That’s the headline of my article on green aviation and the future of flight supported by the grandson of aviation pioneer Charles Lindbergh.
Erik Lindbergh supports electric-powered and solar-powered flight and space tourism.
He’s an interesting man, and I enjoyed interviewing him in 2013 for an article I wrote for Translogic, the high-tech portal of AOL Autos, which has since shut down.
So I’m publishing it here, on ecoXplorer.
Erik Lindbergh may turn out to be an even more important aviation pioneer than his legendary grandfather, Charles Lindbergh.
He’s a supporter of battery-powered flight, solar-powered flight, ultra-light aircraft that can be parked in our driveways and powered by renewable energy, and space tourism.
The world of green aviation has been in the headlines lately, from the concepts shown recently at the recent Paris Air Show to the successful cross-country flight of the Solar Impulse.
Lindbergh gave that effort a giant thumbs up and a smiling “awesome message” when I interviewed him for his take on emerging airborne technologies.
He also fully supports the plan by pilot Chip Yates to duplicate his grandfather’s history-making 1927 transatlantic flight, in a solar powered one-passenger plane with the wingspan of a Boeing 727.
I caught up with him in Toronto, where he was the keynote speaker at a travel writer’s conference, speaking about ideas that will transform the future of travel, and some of its frustrations.
Lindbergh may joke that his while famous grandfather is “mostly known for being the first person to fly across the Atlantic solo, he really should be known for being the last person to fly across the Atlantic and arrive at the same time as his baggage.”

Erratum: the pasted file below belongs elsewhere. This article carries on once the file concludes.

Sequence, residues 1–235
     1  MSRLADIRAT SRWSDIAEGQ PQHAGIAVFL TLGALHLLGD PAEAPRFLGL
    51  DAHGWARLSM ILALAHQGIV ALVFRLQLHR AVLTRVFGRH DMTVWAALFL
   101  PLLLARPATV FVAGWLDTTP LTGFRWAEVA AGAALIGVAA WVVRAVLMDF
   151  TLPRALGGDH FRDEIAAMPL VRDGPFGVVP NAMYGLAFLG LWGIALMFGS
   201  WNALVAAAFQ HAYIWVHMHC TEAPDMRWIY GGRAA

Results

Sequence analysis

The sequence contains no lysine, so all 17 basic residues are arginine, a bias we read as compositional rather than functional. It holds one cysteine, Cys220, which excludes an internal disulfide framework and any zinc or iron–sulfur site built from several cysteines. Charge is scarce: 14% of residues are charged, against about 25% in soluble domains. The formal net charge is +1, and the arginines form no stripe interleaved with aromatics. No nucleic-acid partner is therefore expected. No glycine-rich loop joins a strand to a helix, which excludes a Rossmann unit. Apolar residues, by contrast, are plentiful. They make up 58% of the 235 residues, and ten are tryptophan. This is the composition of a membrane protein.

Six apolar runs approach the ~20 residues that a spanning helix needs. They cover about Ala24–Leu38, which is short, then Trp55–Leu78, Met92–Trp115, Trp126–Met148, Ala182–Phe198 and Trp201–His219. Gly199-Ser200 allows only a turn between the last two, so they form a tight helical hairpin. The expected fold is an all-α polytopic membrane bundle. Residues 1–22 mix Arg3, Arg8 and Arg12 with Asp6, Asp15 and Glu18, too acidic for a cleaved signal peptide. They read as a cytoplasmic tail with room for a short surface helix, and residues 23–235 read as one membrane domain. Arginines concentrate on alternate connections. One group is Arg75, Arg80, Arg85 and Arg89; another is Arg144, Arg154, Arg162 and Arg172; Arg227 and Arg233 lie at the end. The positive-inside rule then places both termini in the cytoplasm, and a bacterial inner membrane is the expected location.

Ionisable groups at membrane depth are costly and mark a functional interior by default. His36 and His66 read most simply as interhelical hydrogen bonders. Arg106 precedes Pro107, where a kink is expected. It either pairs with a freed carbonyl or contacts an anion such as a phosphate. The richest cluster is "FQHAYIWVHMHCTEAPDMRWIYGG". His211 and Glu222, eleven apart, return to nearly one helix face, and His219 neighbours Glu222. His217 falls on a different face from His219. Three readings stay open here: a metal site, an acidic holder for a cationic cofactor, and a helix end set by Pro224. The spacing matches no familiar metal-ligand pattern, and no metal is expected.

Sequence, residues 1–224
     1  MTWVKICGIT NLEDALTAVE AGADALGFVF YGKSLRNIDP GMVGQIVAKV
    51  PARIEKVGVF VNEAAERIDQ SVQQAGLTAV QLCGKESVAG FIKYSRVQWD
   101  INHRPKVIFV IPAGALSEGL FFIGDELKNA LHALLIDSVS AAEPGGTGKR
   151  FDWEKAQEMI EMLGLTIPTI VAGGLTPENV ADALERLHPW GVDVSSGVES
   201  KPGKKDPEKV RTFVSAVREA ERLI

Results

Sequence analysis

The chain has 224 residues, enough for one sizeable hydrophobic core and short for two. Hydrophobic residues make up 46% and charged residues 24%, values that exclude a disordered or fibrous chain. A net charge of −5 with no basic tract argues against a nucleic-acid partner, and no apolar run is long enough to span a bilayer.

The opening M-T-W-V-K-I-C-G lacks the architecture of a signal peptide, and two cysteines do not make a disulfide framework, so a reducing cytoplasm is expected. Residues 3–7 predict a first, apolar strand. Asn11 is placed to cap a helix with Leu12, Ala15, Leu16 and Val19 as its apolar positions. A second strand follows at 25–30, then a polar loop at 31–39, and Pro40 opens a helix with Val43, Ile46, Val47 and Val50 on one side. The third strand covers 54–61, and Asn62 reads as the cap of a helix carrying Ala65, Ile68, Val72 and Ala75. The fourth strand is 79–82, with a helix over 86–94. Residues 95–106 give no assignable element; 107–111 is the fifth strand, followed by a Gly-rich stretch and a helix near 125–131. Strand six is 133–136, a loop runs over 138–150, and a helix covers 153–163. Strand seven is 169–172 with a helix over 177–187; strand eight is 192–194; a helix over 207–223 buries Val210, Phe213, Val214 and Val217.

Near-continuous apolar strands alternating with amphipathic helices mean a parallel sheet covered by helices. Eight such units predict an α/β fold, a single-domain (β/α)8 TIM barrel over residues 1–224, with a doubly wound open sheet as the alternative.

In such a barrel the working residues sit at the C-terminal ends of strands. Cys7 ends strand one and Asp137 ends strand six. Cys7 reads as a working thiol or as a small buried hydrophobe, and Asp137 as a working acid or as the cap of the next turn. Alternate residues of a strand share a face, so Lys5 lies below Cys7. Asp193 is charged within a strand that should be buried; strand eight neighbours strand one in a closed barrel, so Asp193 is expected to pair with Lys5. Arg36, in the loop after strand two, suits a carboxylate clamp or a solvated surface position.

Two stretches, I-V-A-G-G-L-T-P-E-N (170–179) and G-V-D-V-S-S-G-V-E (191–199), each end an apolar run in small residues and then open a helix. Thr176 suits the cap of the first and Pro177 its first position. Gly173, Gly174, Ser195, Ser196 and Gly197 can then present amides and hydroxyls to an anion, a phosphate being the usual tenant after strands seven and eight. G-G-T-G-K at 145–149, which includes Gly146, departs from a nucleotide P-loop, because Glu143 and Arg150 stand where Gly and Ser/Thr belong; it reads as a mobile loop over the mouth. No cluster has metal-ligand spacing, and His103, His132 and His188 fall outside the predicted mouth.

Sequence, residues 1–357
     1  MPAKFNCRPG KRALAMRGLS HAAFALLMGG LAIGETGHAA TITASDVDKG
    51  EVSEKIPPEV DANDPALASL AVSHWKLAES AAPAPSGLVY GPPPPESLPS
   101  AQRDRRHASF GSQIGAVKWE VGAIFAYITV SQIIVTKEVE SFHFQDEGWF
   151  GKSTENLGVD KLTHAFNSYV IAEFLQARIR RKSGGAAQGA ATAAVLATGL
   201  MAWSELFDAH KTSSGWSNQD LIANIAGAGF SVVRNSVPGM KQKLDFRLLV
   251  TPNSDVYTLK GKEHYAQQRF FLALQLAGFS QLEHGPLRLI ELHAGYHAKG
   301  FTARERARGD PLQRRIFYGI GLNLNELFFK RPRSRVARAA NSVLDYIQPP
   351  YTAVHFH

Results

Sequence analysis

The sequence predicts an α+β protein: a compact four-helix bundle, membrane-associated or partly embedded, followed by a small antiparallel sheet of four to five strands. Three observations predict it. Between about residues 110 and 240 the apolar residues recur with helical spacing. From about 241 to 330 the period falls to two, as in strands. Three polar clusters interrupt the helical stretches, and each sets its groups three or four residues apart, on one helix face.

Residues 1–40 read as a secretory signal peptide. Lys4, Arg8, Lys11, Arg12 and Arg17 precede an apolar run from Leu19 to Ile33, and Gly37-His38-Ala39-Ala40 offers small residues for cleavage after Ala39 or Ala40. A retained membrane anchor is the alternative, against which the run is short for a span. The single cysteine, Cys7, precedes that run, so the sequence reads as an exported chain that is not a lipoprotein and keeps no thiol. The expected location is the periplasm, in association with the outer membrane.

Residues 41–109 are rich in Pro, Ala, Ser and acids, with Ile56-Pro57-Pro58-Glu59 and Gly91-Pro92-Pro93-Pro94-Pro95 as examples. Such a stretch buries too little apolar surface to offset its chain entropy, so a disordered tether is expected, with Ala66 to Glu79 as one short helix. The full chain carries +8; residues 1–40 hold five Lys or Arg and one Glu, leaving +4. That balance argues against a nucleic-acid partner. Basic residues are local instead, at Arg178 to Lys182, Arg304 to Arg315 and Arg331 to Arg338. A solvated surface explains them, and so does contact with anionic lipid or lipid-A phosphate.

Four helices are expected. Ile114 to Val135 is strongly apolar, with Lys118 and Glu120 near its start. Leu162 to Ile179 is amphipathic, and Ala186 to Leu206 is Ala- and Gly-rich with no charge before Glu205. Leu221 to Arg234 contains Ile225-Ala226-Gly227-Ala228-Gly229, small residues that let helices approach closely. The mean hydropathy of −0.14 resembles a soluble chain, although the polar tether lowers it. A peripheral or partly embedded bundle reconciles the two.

But he’s serious about the impact of famous boundary-pushing pilots like his grandfather, Chip Yates, Chuck Yeager, and military and civilian test pilots.
From the Wright Brothers until his grandfather, “there were barnstormers and daredevils.
After Charles, he says, they became pilots and passengers,” adding that he hopes for the same legitimacy for those who fly non-conventional aircraft today.
Lindbergh is using what he describes as “prize philanthropy” to push both space tourism and alternative fuel flight. It’s what helped propel Charles to fly from Long Island to Paris to claim the Orteig Prize, which is pretty much known only to aviation history buffs. (Raymond Orteig owned hotels in NYC and Paris, and bankrolled the prize to drum up business by reducing travel time by ship. Several other pilots made unsuccessful efforts before Lindbergh.)
He cites the Orteig Prize and other early aviation competitions like the Bendix Prize as pushing development of faster and more reliable aircraft.
Modern prize philanthropy includes the X-Prize, which Erik Lindbergh helped launch in 1996, to promote space tourism.
He admits the X-Prize Foundation didn’t actually have the $10 million in prize money when they announced the prize, so they essentially made a bet with an insurance company.
“They talked to Lockheed Martin and Boeing and the French space agency, and said there’s no way someone can come up with a small sub-orbital space launch vehicle,” he says.
Three months before the policy expired, Burt Rutan and two other pilots – who Lindbergh says had been told they were too old to fly for the airlines – “flew this rocket ship into space, really jump-starting the modern era of space tourism.”